Prior to the Supreme Court case Obergefell v. Hodges, LGBTQ couples who were barred from marriage entered domestic partnerships and “common law marriages.” Many states recognize “common law marriages,” which is when a couple lives together and presents themselves as married to friends, family, and society at large without a formal marriage ceremony and solemnization. If a state recognizes common law marriage and the couple ends the relationship, the state can treat the end of that relationship similarly to a divorce, meaning it requires the equitable distribution of the couple’s assets.
An issue arises based on state law. Tennessee is one of the 13 states that has never recognized common law marriage. In Tennessee, no informal recognition of a couple who lives together as if married exists. In order to recognize that relationship, the state requires a marriage ceremony and solemnization. If you are in a long-term relationship which involved cohabitation, a breakup can be problematic in terms of your assets. When a marriage ends, divorce proceedings allow for an equitable division of the assets. When it comes to assets purchased by an unmarried couple, one party could lose their interest completely.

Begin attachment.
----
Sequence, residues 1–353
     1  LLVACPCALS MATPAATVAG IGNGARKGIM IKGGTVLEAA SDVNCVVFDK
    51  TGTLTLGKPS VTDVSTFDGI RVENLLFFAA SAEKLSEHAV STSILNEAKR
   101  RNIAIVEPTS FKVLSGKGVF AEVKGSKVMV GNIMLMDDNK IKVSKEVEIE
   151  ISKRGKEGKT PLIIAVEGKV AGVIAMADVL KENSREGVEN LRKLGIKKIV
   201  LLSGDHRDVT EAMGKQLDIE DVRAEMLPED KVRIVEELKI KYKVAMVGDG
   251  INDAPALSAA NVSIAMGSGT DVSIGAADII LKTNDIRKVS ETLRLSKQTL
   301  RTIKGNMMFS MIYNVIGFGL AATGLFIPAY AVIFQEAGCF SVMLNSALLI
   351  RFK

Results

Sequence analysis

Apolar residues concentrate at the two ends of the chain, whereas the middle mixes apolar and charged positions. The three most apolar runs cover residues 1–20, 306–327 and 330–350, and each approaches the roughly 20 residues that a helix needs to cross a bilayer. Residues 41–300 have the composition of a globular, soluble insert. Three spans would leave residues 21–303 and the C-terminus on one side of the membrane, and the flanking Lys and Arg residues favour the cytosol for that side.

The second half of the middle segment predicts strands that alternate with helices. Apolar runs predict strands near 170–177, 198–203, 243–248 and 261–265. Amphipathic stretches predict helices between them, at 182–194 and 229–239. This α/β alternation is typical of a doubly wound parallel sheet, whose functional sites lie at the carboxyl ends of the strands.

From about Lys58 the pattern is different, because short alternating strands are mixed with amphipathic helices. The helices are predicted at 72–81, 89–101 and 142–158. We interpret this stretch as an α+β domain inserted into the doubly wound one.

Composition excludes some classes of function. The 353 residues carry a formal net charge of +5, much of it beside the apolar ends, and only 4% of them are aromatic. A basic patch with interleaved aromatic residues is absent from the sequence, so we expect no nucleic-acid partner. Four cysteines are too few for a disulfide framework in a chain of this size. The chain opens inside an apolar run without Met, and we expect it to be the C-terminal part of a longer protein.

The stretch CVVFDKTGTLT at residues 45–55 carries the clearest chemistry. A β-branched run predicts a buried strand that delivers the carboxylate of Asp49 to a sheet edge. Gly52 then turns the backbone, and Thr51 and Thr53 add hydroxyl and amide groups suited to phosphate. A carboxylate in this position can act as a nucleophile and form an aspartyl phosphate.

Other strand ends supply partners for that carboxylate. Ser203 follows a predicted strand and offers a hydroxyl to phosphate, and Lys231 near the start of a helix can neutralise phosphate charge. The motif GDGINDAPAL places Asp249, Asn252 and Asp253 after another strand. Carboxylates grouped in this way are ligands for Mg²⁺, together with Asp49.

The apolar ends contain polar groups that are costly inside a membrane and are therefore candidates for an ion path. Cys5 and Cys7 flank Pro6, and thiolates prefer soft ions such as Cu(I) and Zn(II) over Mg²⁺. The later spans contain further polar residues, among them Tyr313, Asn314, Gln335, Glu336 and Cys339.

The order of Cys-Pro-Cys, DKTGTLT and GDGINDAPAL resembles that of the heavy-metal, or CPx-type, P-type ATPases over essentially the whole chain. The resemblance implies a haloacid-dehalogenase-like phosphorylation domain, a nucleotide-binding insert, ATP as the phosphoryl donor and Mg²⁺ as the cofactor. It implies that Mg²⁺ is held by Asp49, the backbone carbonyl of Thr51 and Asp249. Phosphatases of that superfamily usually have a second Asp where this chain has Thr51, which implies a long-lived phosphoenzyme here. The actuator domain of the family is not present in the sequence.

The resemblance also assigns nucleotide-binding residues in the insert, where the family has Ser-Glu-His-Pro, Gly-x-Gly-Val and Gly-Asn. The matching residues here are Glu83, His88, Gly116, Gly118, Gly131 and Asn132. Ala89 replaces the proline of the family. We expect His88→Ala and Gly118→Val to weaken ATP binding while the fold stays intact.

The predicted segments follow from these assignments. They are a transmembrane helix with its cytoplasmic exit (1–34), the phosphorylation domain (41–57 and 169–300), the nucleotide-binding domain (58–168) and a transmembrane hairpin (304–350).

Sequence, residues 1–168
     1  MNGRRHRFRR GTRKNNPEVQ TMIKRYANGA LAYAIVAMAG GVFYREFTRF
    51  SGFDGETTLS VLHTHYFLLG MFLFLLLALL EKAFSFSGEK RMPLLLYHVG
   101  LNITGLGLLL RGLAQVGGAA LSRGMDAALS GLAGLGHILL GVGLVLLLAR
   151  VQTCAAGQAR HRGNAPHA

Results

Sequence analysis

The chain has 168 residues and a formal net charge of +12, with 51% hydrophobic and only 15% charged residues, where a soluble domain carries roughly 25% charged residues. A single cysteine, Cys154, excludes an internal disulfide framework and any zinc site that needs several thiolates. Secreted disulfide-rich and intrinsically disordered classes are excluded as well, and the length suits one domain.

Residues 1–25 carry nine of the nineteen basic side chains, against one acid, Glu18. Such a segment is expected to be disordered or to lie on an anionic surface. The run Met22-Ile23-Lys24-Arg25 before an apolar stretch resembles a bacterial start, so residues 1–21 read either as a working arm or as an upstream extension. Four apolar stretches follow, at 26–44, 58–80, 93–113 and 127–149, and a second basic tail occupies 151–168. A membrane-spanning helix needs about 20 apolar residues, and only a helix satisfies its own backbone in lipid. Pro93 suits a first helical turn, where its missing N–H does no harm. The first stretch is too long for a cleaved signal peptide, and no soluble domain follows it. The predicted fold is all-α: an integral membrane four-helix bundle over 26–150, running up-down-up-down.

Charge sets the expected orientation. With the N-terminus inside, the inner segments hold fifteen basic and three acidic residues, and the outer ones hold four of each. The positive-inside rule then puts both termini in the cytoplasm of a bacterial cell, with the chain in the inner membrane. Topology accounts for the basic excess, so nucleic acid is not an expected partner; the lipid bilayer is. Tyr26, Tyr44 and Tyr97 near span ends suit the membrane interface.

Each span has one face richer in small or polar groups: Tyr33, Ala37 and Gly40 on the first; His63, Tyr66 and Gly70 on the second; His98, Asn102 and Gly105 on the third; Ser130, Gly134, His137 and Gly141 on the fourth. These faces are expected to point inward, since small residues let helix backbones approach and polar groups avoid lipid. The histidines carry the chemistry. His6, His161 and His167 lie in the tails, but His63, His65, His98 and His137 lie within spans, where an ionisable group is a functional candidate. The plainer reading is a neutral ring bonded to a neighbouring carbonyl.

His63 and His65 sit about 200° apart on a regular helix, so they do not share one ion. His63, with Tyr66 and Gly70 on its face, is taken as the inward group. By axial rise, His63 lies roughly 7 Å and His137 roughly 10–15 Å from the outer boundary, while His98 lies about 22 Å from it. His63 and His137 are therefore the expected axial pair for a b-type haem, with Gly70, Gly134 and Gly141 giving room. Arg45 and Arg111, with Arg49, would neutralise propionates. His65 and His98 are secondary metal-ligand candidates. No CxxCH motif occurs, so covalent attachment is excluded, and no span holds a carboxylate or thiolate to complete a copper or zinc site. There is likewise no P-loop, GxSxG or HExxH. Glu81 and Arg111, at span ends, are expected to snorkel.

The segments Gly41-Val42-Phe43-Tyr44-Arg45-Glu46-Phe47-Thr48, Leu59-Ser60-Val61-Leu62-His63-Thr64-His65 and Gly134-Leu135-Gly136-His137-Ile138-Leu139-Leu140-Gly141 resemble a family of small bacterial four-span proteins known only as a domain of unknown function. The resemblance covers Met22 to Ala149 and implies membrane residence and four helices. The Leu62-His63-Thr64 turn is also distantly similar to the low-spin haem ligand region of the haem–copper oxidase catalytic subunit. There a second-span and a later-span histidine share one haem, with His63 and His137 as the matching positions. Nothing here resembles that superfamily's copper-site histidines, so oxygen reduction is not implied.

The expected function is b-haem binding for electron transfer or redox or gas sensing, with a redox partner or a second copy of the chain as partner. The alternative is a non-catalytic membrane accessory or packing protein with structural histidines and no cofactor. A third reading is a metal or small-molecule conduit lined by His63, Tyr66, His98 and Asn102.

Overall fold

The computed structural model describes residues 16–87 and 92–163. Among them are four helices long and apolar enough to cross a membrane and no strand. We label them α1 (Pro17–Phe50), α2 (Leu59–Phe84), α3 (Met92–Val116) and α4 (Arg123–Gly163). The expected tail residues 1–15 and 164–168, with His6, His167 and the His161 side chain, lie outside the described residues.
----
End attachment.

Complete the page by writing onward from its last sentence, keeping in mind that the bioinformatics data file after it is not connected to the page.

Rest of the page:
To avoid any issues in the event of the relationship’s end, a couple who cohabitates in Tennessee can enter into a Cohabitation Agreement or a contract to provide some legal protections. A Cohabitation Agreement is a contract similar to a prenuptial agreement, which defines the relationship of the parties, the parties’ financial obligations, and a division of joint and separate assets. It can also encompass the assets accrued before the signing of the agreement. Thus, a Cohabitation Agreement provides protection through contract law of each party based on their agreement.